Science

Humankind's ancestral 'homeland' pinpointed in Botswana

A large ancient wetlands region spanning northern Botswana — once teeming with life but now dominated by desert and salt flats — may represent the ancestral homeland of the 7.7 billion people on Earth today, researchers say.

DNA study suggests all living people had ancestors in southern African wetland

The sun sets over flooded grassland in the Kwedi concession in the northern part of the Okavango Delta, Botswana, in a 2007 photo. A new study claims the maternal lineage of the first Homo sapiens emerged roughly 200,000 years ago in an area south of the Zambezi River basin that includes northern Botswana and parts of Namibia to the west and Zimbabwe to the east. (Gernot Hensel/EPA-EFE)

A large ancient wetlands region spanning northern Botswana — once teeming with life but now dominated by desert and salt flats — may represent the ancestral homeland of the 7.7 billion people on Earth today, researchers said on Monday.

Their study, guided by maternal DNA data from more than 1,200 people indigenous to southern Africa, proposed a central role for this region in the early history of humankind starting 200,000 years ago, nurturing our species for 70,000 years before climate changes paved the way for the first migrations.

A lake that at the time was Africa's largest — twice the area of today's Lake Victoria — gave rise to the ancient wetlands covering the Greater Zambezi River Basin that includes northern Botswana into Namibia to the west and Zimbabwe to the east, the researchers said.

Vanessa Hayes discusses the significance of the region with Headman ǀkun ǀkunta from an extended Ju|’hoansi family. Living within the homeland region of the greater Kalahari of Namibia, Hayes has been visiting ǀkunta and his extended family for over a decade. Ikunta was proudly one of the many participants who donated his DNA to this study. (Chris Bennett/Evolving Picture)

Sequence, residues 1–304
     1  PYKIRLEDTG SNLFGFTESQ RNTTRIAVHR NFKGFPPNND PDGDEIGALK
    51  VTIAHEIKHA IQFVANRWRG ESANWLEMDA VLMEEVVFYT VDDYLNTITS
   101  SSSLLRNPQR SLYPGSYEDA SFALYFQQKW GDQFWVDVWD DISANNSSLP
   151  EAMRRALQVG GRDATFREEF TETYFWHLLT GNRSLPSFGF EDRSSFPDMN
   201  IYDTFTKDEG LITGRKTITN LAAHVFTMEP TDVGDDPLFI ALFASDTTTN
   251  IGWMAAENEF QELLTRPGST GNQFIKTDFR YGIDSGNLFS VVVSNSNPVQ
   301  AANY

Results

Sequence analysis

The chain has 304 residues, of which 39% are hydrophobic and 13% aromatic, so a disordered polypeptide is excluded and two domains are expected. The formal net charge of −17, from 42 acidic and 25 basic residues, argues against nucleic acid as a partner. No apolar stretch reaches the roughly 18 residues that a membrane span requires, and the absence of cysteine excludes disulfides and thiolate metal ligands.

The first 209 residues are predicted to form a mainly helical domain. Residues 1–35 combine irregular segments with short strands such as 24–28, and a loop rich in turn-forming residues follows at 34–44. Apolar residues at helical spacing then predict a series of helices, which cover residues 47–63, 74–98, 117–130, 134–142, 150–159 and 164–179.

It has been long established that Homo sapiens originated somewhere in Africa before later spreading worldwide.

"But what we hadn't known until this study was where exactly this homeland was," said Vanessa Hayes of the Garvan Institute of Medical Research and University of Sydney, the geneticist who led the study published in the journal Nature.

The oldest-known Homo sapiens fossil evidence dates back more than 300,000 years from Morocco. The new study suggests early members of our species as represented by the Morocco remains may not have left any descendants living today, the researchers said.

"There is no contradiction between the presence of an early Homo sapiens-like skull in northern Africa, which may be from an extinct lineage, and the proposed southern African origin of the Homo sapiens lineages that are still alive," added study co-author Axel Timmermann, a climate physicist at Pusan National University in South Korea.

The study suggests the ancestors of all people alive today lived in a wetland that can be viewed as a massive extension of today's Okavango Delta wetland area, pictured above. (Gernot Hensel/EPA-EFE)

The ancient lake Makgadikgadi began to break up about 200,000 years ago, giving rise to a sprawling wetland region inhabited by human hunter-gatherers, the researchers said.

"It can be viewed as a massive extension of today's Okavango Delta wetland area," Timmermann said.

Changes in the Earth's axis and orbit caused climate, rainfall and vegetation shifts that set the stage for early migrations of this ancestral group of people away from the homeland region, first toward the northeast 130,000 years ago, then toward the southwest 110,000 years ago, Timmermann said.

"Our study provides the first quantitative and well-dated evidence that astronomically driven climate changes in the past caused major human migration events, which then led to the development of genetic diversity and eventually cultural, ethnic and linguistic identity."

Hayes learns how to make fire with Juǀ’hoansi hunters in the greater Kalahari of Namibia, which is no longer wet, but arid. From left to right: Nǂamce Sao, ǀkun Nǂamce, Vanessa Hayes and ǀkun ǀkunta. (Chris Bennet/Evolving Picture 2019)

However, in an article published in the journal Science, other evolutionary geneticists, including Sarah Tishkoff of the University of Pennsylvania, questioned the idea that the ancestral homeland of all living humans could be traced using only a single maternal DNA lineage, especially since the ancestors of the people living in Botswana today may have come from somewhere else.

 

 

With a file from CBC News

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